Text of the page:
Solar

UK’s First Institutionally-backed Solar Fund Begins Trading

After raising £130 million (€151 million) in an IPO, the UK’s first solar fund with institutional backing has begun trading on the London Stock Exchange.

The fund, Bluefield Solar Income Fund Ltd, focuses on large-scale agricultural and industrial solar assets. According to James Armstrong, a managing partner of investment advisor Bluefield Partners, the fund is backed by a broad range of investors, including some of the largest fund management groups globally and in the UK.

Historically, UK solar investment has been based in tax structures, private client funds and high net worth investors. “The entrance of institutions is very exciting for the market,” Armstrong told REW, “because it means that, for the first time, the market is accessing funds that are able to fund hundreds of millions, as opposed a few million here or there. (We’re part of that wave, but there has also been successful institutional money coming into the UK wind market as well.) And the fund could be viewed as a potential game-changer for the UK market because it is now viewed institutionally, and that’s always a good thing for markets which are looking to raise significant amounts of capital over the next few years,” he said.   

“I wouldn’t second-guess the exact reasons why institutions have now come in,” Armstrong said, “but a very broad base of investors, and also significant and high-profile investment and management groups, have backed the fund. What they’re looking for, and what the fund can deliver, is a stable and attractive yield. As an asset class, solar is tremendously attractive in being able to deliver that.”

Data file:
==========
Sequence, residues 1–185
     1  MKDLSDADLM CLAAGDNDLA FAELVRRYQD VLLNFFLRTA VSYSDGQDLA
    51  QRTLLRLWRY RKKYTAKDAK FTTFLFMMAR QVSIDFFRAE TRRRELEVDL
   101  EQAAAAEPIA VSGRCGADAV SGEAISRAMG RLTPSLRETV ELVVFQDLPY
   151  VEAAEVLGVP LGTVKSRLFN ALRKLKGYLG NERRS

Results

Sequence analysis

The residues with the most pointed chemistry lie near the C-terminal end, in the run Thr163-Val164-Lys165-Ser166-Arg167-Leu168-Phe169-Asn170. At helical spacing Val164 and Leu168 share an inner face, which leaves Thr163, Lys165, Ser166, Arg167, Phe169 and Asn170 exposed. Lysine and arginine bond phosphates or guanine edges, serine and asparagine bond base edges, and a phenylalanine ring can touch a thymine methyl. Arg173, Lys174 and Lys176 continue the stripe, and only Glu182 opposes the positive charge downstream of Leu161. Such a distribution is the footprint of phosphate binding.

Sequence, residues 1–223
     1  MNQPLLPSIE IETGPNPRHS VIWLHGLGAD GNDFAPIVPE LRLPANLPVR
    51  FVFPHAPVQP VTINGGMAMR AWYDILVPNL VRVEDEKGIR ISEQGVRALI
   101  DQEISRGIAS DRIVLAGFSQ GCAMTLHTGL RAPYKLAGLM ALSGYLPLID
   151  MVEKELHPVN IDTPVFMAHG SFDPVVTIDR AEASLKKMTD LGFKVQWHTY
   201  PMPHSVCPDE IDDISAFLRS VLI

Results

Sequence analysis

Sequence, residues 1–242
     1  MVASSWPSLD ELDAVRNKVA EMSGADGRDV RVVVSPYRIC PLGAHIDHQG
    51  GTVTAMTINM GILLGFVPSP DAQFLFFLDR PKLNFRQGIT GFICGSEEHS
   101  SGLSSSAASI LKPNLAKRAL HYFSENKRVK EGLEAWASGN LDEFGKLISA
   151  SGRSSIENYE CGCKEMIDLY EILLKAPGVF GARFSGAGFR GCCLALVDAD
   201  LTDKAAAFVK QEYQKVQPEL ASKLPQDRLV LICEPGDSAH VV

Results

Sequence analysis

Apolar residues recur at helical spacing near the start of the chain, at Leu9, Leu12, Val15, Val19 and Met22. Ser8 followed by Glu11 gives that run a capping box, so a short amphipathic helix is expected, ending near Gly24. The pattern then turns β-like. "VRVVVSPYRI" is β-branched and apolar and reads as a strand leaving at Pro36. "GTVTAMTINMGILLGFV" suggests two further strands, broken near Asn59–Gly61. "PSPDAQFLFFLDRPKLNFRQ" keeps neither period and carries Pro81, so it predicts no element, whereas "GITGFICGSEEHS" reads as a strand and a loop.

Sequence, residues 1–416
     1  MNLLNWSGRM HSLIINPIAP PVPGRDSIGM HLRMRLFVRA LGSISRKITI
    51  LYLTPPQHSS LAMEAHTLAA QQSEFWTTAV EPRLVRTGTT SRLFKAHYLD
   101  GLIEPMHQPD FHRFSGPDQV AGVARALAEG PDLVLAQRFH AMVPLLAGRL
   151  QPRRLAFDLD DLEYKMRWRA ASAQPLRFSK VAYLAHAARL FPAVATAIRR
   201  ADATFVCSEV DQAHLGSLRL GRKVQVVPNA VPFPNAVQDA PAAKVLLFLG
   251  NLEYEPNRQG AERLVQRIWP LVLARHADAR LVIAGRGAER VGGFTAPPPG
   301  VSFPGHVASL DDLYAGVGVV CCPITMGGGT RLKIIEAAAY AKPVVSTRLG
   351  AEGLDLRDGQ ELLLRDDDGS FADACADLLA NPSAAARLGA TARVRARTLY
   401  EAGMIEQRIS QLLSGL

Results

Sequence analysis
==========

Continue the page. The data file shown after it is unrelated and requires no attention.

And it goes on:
Armstrong attributed the fund’s success in raising money to both the UK government’s creation of a regulated market with government support — “an attractive environment to be investing in” and “a sensible and stable regulatory environment” — and the substantial growth predicted for solar in the country. The national market is still at a relatively early stage, with less than 1 GW of large-scale installations, but “clearly the expectation is that it should experience significant growth over the coming years,” he said.

“The other thing that’s very key,” he continued, “is that, in the UK, reliance on subsidies has been reduced by 75 percent since we began in 2010. So it’s a market which is also proving itself through efficiencies, cost-cutting and module price reductions and, year-on-year, it’s seeing less subsidy required.”

The most important change in the market, he said, has been the significant cost reductions seen in the solar industry. “Historically the solar market relied only on feed-in tariffs (FiTs), which are capped at 5 MW. Today, because of cost reductions, the industry is able to work under the Renewables Obligation (RO) scheme, which has no cap in terms of scale. Within a solar portfolio the average plant size is 10 MW — but we’ll see plants considerably bigger than that in future portfolios,” he predicted, adding that he expects to see significant growth in large-scale agricultural and commercial-industrial solar installations over the next 12 months.

“[The fund has] over £400 million (€464 million) in the pipeline that we’re reviewing with our contractors,” he said, adding that Bluefield is “looking at building up to £300-400 million in the next two to three years.” He expects the UK solar market to continue to grow. “Beyond that I have no forecasts; the only thing you can say is that, if it continues to drive efficiencies and reduce costs, solar will be the UK’s pre-eminent renewable energy source — it has to be.”

Lead image: solar panel with British pound via Shutterstock